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Insurance buyers seeking windstorm coverage for their properties may encounter rate increases — some in the low double-digit range — when they go to market ahead of the 2019 storm season, even if they haven’t suffered catastrophic claims, according to brokers.
The 2019 hurricane season officially begins Saturday, and NOAA is projecting between nine to 15 named storms, or which four to eight could become hurricanes, including two to four major hurricanes, defined as Category 3, 4 or 5.
“The wind market is challenging,” said Rick Miller, U.S. property practice leader in Boston for Aon PLC. “If you have a wind-exposed account, there’s going to be rate pressure, no question.”
The market did not experience a large uptick in rates in the immediate aftermath of the 2017 hurricanes Harvey, Irma and Maria, and has only recently began escalating in a more “dramatic fashion” over the past few months, said Gary Marchitello, New York-based head of property broking for Willis Towers Watson PLC.
Rate hikes are “increasing in velocity,” said Duncan Ellis, U.S. property practice leader for Marsh LLC in New York.
“The market’s had a little bit of a slow burn,” Mr. Miller said. “2017 was a really tough year. Everyone expected that there would be an immediate reaction and while there was pressure last year it was not as significant as some thought it might have been. But (it has) continued into this year.”
Ratings pressure “has gotten more acute” and underwriters have been pushing a little harder in the second quarter, he added.
Increases have been “highly discriminating” and vary widely depending on exposures and loss history, with the market not lumping insureds together and looking for a consistent increase, Mr. Marchitello said. “They’re not using a broad brush,” he said.
Rate increases are no longer focused just on accounts with heavy catastrophe footprints, Mr. Ellis said. “It’s really been focused on the market as a whole, so even good accounts are seeing rate uplifts, not to the degree of problem accounts, but rate uplifts are happening across the board now,” after several years of “unsustainable” rate softness, he said.
Minimum increases for catastrophe-exposed properties are on the order of 10%, “and it escalates from there,” Mr. Marchitello said. Catastrophe exposed insureds with previous losses could see increases of as much as 15% to 20%, he said.
A snapshot of the market in the first half of the second quarter shows low double-digit increases, Mr. Miller said “We’re seeing it now between 15% and 20% on average.”
Accounts with troubled loss ratios may see more severe increases and those with loss ratios over 100% could see increases as large as 30%, he said. Catastrophe exposed portfolios with good losses “are probably in the 20%-ish range.”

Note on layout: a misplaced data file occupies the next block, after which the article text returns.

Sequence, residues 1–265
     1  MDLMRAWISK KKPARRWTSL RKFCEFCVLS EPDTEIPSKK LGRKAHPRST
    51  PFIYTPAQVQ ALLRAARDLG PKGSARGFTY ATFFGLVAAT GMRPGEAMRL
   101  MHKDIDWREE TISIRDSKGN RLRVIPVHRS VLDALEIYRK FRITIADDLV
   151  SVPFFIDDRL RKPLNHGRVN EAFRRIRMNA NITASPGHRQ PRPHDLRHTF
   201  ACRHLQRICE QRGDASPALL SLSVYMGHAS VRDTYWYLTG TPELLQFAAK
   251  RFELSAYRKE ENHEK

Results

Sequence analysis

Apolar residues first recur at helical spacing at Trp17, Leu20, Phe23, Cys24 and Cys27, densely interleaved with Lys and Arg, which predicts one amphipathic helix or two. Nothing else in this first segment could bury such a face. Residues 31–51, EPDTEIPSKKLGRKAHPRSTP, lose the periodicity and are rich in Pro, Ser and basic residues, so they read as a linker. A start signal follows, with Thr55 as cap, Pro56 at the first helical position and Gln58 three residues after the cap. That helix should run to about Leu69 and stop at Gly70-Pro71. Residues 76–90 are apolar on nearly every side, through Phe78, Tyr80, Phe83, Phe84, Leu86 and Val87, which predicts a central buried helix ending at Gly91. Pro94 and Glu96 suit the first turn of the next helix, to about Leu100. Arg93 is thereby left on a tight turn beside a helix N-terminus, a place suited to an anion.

Terms and conditions are being “much more scrutinized than they had been previously,” with pressure on certain deductibles, he added.
For hurricane risks in coastal areas, it is common to have a percentage deductible on coverage, typically on the order of 3% to 5%, according to Mr. Marchitello.
Some of those deductibles had slid to the lower end of that range and even to 2% over the past few years as rates had been soft, he said, and in some cases fixed dollar caps were instituted. There is now a “widespread push” to do away with the dollar caps and push deductibles back to the higher end of the range, he said.
Although a majority of Marsh’s clients saw rate increases during the first quarter, some clients did experience rate decreases, but the ratio of increases to decreases has essentially inverted compared to the softer markets of recent years, Mr. Ellis said.
Clients are also more integrated and playing a more proactive role in trying to manage risk exposures as rates climb, sources said. “The clients are clearly more sophisticated,” Mr. Miller said. “They understand the tools better.”
“There’s a general recognition that if you want to really have an accurate forecast of what your loss could be, then you have to collect the data,” Mr. Marchitello said. “Once you’ve collected the data, updating is pretty easy from year to year.
Data quality is key to improving a policyholder’s chances of achieving the best results upon renewal.
The more sophisticated buyers definitely understand the metrics and how important their own data is,” Mr. Miller said.
“The better the data you provide, typically the better result you’ll get,” Mr. Marchitello said.
“Risk differentiation is definitely front and center,” Mr. Ellis said. Those risks and accounts which seek to manage risk better and improve their risk profile “are definitely seeing better results both from a pricing and capacity point of view.”
An above-normal hurricane season is 30% likely, the National Oceanic and Atmospheric Administration’s Climate Prediction Center said Friday in its outlook for the 2019 Atlantic hurricane season which begins June 1.